"If Your Problem Were a Crabapple"

The procedure (with a partner)

  1. Each of you choose a problem to work on, one that you care about, one to which you don't yet see a good answer. Describe (to your partner[s]) why you choose that problem to work on.

  2. Table or chair or piano or flipchart, or whatever physical object:  when it's your turn, you pick some common object there where you are. Let that object stand for, in some way resembling, your problem (how does that stack of books represent this problem?). Identify 10 to 20 physical aspects or features of that object. Then, with each such feature:  If this object is the problem, then ____ represents such-and-such part or aspect of the problem. If playing with the features of the problem doesn't bring good answer to mind for you, when it's your turn again, run that problem with some other object and try again.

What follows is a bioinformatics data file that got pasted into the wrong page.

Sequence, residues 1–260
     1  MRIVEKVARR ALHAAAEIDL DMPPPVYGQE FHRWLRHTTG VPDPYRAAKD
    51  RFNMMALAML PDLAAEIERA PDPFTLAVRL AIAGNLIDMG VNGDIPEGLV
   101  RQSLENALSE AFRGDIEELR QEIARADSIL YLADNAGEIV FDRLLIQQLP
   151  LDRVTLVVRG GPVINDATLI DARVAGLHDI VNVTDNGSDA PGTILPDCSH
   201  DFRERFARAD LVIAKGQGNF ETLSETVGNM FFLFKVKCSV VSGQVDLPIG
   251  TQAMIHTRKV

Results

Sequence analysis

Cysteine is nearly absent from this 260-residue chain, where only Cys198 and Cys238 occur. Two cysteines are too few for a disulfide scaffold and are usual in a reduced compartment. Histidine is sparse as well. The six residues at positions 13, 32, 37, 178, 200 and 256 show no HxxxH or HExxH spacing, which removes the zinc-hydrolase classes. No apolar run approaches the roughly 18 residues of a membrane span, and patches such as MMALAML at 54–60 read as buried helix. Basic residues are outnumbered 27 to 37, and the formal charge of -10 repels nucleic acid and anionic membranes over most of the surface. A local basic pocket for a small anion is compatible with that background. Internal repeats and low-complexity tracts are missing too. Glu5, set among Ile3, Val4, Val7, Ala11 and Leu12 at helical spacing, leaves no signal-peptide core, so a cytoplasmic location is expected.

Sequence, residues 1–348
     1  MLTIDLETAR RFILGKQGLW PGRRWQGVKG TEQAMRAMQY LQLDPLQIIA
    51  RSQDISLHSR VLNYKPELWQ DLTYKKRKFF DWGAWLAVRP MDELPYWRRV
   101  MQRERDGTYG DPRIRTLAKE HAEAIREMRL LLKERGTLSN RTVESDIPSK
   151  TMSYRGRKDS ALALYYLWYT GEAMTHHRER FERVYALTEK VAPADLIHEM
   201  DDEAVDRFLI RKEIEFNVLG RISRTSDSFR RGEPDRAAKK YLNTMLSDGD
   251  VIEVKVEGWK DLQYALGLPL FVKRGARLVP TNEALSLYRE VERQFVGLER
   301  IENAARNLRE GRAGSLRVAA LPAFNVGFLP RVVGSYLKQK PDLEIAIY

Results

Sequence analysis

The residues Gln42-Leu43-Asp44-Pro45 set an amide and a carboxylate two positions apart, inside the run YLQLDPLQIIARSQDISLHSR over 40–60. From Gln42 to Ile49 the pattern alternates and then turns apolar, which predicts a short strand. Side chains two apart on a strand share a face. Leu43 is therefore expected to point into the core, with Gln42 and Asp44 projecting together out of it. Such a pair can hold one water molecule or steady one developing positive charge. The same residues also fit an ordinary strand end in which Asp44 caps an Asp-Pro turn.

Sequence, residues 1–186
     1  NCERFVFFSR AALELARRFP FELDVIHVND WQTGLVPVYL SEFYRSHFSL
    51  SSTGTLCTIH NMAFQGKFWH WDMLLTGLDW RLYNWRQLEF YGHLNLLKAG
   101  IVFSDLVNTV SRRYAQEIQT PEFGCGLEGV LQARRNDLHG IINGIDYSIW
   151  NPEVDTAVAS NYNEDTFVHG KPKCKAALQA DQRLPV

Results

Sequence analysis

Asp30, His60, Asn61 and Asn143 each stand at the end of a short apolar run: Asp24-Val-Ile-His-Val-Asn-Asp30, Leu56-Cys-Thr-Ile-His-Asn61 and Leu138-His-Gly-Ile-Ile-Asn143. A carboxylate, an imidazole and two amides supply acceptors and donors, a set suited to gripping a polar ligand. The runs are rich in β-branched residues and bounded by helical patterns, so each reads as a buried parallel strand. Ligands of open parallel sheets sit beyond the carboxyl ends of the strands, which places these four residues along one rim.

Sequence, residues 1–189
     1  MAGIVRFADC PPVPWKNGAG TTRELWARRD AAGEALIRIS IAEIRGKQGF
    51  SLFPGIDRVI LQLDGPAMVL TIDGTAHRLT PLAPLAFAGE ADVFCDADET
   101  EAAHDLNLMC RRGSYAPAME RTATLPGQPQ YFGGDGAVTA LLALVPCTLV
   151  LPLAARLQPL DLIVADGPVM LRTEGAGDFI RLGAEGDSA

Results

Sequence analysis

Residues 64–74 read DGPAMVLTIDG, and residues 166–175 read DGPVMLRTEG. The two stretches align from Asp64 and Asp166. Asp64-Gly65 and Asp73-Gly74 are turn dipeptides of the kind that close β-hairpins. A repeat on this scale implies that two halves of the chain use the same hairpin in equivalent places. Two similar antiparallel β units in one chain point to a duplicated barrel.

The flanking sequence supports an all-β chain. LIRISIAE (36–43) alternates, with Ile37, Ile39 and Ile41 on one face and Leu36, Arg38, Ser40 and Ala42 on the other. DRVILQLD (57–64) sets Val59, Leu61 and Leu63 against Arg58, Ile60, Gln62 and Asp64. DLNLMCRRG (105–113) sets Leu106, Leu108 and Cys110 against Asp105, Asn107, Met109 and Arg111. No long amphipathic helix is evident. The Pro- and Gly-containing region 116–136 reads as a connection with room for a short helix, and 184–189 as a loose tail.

3. While describing to your listener the features of the problem and of the object:  you, the person working on the problem, as far as you can go with it, describe in detail the physical features of the object and how, somehow, that feature represents such-and-such aspect of the problem. Listening partner:  your role is to listen, indeed ONLY to listen and not interrupt or get in the way while your problem-solving partner is flowing. But once the problem-solver starts to falter, draw him or her out further:  ask questions about the object that's being compared, questions which will encourage further comparison. Mentally manipulate features of the object — "What if that brace on the chairleg were broken" — as additional ways to play with the features of the problem itself.